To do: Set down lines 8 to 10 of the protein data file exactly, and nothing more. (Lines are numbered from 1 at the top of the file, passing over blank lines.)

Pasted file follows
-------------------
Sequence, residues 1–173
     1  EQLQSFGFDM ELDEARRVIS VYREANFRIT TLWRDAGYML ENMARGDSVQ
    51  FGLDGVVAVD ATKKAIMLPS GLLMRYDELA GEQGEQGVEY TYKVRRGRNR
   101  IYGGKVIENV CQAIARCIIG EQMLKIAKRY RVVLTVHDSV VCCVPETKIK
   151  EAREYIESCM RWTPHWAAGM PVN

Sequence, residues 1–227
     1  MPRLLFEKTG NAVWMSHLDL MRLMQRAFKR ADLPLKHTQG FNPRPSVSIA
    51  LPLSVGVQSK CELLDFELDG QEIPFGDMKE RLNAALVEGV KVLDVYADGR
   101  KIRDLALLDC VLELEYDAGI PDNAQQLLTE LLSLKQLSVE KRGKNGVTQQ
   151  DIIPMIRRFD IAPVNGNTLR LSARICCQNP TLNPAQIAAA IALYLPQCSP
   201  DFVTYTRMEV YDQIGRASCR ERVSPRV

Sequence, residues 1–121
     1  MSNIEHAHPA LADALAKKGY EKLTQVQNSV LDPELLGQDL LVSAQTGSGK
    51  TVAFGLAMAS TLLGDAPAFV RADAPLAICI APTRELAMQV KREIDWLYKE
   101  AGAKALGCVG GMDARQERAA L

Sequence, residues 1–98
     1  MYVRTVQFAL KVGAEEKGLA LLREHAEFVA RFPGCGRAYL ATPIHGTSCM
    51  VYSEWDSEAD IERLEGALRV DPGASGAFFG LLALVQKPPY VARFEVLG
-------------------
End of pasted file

    51  LPLSVGVQSK CELLDFELDG QEIPFGDMKE RLNAALVEGV KVLDVYADGR
   101  KIRDLALLDC VLELEYDAGI PDNAQQLLTE LLSLKQLSVE KRGKNGVTQQ
   151  DIIPMIRRFD IAPVNGNTLR LSARICCQNP TLNPAQIAAA IALYLPQCSP